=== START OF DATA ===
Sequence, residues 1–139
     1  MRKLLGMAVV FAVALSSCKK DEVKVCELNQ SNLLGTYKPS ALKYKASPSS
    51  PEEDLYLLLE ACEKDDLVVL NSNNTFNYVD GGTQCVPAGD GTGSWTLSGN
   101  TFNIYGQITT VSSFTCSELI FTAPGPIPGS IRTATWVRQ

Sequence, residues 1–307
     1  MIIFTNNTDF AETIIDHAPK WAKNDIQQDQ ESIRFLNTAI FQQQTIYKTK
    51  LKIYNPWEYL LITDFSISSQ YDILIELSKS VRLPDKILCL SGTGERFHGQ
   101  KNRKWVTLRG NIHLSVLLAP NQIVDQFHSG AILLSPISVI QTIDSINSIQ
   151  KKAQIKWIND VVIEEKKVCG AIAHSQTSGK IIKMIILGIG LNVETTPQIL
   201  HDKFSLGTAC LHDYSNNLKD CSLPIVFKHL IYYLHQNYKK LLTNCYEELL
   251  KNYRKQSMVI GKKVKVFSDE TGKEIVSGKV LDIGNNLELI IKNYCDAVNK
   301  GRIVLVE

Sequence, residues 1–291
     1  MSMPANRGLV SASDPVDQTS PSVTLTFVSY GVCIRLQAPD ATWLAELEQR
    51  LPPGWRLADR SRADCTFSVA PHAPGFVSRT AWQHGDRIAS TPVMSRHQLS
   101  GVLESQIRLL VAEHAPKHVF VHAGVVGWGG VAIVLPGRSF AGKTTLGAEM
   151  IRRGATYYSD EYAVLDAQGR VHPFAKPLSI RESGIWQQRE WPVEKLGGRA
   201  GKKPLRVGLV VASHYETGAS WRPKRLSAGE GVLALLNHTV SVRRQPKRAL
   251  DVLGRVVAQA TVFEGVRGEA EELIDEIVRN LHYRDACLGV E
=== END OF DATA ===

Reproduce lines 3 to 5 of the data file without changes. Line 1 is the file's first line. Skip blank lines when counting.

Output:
    51  PEEDLYLLLE ACEKDDLVVL NSNNTFNYVD GGTQCVPAGD GTGSWTLSGN
   101  TFNIYGQITT VSSFTCSELI FTAPGPIPGS IRTATWVRQ

Sequence, residues 1–307